Good looks, but this Audi RS5 fails to deliver where it matters
Here are some of my thoughts about the Audi RS5, produced here in quotes for reasons that will shortly become clear:
“It seems Audi may at last have twigged that its front-engined sports cars need to do more than look good and go like hell. The new RS5 is not cheap, but it appears to herald a much anticipated, long-awaited change of heart from Audi’s engineers.
“It’s the chassis I want to focus on, because at last here we have an Audi that really handles. So now and at last Audi has a sporting coupé that is finally as good as it looks, that is as fun to drive as it is easy to live with. And that’s the first time I’ve been able to say that about a front-engined Audi in far too long.”
All of which would be fine but for one thing: I wrote all that about the last RS5, seven years ago. And now at least some of that good work has been undone.
The new RS5 does all that stuff RS Audis always did. It’s beautiful, beautifully built and hellishly fast. To this the new car adds decent ride quality and a dashboard capable of conjuring more information than I could find in a week of fiddling.
Most notable among its losses are its 4.2-litre V8 engine, replaced by the same 2.9-litre turbo V6 already found in the Porsche Panamera 4S. It develops 444bhp and in a car of quite modest weight provides brutal performance. But there’s no joy to it, no sound to savour, no whipcrack throttle response in which to revel. It’s just a device, now harnessed to a conventional auto box rather than the double-clutch unit of old.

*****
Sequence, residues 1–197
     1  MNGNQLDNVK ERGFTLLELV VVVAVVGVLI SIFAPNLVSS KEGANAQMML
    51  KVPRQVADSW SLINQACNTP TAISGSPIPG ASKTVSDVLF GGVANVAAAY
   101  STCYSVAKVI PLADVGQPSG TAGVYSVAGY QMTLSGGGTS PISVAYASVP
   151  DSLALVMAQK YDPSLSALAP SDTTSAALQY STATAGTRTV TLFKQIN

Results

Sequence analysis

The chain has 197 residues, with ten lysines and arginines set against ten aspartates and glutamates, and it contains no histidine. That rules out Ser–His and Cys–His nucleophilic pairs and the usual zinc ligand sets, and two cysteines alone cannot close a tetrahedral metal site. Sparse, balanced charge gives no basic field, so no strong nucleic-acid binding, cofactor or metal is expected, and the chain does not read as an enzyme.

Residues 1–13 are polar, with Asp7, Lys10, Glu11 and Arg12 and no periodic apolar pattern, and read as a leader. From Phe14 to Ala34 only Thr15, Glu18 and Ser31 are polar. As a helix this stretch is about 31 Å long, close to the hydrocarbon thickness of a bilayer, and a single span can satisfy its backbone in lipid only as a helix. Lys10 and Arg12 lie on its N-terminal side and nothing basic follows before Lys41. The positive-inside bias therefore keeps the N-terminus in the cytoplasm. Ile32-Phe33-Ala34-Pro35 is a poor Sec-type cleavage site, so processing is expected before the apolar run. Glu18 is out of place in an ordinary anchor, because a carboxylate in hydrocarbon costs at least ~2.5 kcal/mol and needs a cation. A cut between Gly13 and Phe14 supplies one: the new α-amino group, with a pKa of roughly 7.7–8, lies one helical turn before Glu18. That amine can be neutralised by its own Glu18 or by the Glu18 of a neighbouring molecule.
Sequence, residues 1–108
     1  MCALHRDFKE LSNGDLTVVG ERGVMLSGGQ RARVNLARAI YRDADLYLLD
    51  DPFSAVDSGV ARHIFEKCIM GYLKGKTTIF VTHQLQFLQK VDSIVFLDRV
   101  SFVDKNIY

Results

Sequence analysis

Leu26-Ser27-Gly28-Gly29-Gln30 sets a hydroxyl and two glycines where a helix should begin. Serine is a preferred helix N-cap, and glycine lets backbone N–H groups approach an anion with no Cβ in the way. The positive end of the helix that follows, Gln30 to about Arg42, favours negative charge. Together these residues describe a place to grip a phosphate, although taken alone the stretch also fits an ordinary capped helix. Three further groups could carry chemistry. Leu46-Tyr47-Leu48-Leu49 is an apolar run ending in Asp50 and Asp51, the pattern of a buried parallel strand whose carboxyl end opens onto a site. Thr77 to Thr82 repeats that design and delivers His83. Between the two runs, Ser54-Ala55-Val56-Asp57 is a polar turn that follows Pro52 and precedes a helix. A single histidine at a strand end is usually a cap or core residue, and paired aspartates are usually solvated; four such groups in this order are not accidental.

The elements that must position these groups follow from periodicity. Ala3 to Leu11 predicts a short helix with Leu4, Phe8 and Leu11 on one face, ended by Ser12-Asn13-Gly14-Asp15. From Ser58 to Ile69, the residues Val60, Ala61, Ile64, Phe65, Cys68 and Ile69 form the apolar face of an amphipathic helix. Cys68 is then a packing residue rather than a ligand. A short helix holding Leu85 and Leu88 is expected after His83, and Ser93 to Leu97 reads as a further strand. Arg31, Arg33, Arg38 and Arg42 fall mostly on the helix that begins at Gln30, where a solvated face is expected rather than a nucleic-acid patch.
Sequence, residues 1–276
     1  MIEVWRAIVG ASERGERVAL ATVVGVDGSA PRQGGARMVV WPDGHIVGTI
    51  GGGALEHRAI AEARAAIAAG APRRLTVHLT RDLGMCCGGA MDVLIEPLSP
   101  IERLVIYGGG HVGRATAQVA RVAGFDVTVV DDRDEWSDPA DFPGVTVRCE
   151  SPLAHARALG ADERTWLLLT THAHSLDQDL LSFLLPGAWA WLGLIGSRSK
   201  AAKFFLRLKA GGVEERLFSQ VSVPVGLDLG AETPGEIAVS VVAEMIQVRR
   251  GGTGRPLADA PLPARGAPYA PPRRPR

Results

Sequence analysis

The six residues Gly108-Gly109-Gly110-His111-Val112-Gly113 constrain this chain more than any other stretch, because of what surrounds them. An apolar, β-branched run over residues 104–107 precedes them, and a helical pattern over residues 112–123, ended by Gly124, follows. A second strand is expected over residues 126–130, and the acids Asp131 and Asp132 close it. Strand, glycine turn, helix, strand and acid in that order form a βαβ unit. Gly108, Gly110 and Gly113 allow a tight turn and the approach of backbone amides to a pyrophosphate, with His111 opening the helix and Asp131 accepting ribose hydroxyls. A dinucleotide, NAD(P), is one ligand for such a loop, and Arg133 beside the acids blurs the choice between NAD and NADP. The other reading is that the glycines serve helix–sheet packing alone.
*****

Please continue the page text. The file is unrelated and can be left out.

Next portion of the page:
But most disappointing is the handling, which seems to have reverted at least halfway back to the bad old days of fast Audis. There’s all the grip in the world, but no feel from the steering, little balance from the chassis and insufficient fun for the driver, whichever drive mode you select. The RS5 has turned from a well honed user-friendly sports car into an incredibly fast, good looking yet rather dull GT.
I don’t understand it. A few weeks ago I drove a new TT S, so not a special ‘RS’ model built by Audi’s in-house Quattro GmbH tuning division, but a stock, off-the-peg, sporting coupé. I was on a track so not expecting much. But it was brilliant, its four-cylinder engine doing a remarkable impression of an old Audi five, its handling lucid, engaging and even quite nicely balanced. Its power and grip levels felt nicely matched, the car always easy to drive, yet still rewarding if you really pressed on.
At the same money I’d prefer the TT, but the RS5 costs half as much again. It’s too much for a car that, for all its presence, prettiness and on-paper potential, fails to deliver the anticipated driving experience.
Price £62,900 Engine 2.9 litres, 6 cylinders Power[email protected] Torque 442lb [email protected] 1900rpm Weight 1665kg Power to weight 267bhp per tonne Transmission eight-speed automatic, four-wheel drive 0-62mph 3.9sec Top speed 155mph Economy 32.5mpg CO2 197g/km